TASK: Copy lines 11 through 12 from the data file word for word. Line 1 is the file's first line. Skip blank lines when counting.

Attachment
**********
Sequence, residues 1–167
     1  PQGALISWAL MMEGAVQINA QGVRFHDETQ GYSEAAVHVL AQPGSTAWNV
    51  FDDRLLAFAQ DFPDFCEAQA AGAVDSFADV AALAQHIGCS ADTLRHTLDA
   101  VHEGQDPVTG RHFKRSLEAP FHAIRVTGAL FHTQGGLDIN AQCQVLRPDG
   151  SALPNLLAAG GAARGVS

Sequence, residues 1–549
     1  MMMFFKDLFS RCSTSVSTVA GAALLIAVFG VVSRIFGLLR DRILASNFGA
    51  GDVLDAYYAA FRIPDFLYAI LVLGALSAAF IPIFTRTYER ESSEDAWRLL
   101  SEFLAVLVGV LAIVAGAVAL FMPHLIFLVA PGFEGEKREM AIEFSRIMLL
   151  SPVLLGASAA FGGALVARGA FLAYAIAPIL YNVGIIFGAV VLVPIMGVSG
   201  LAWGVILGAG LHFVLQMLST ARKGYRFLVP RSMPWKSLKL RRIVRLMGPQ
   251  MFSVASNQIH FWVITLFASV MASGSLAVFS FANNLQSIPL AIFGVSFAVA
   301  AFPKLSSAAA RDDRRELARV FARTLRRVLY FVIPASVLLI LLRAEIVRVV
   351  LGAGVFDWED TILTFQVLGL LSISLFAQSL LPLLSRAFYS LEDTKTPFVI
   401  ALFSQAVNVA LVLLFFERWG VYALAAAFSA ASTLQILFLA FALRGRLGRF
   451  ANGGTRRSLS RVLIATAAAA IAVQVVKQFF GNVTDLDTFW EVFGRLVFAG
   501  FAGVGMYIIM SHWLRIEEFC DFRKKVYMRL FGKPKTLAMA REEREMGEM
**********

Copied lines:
   201  LAWGVILGAG LHFVLQMLST ARKGYRFLVP RSMPWKSLKL RRIVRLMGPQ
   251  MFSVASNQIH FWVITLFASV MASGSLAVFS FANNLQSIPL AIFGVSFAVA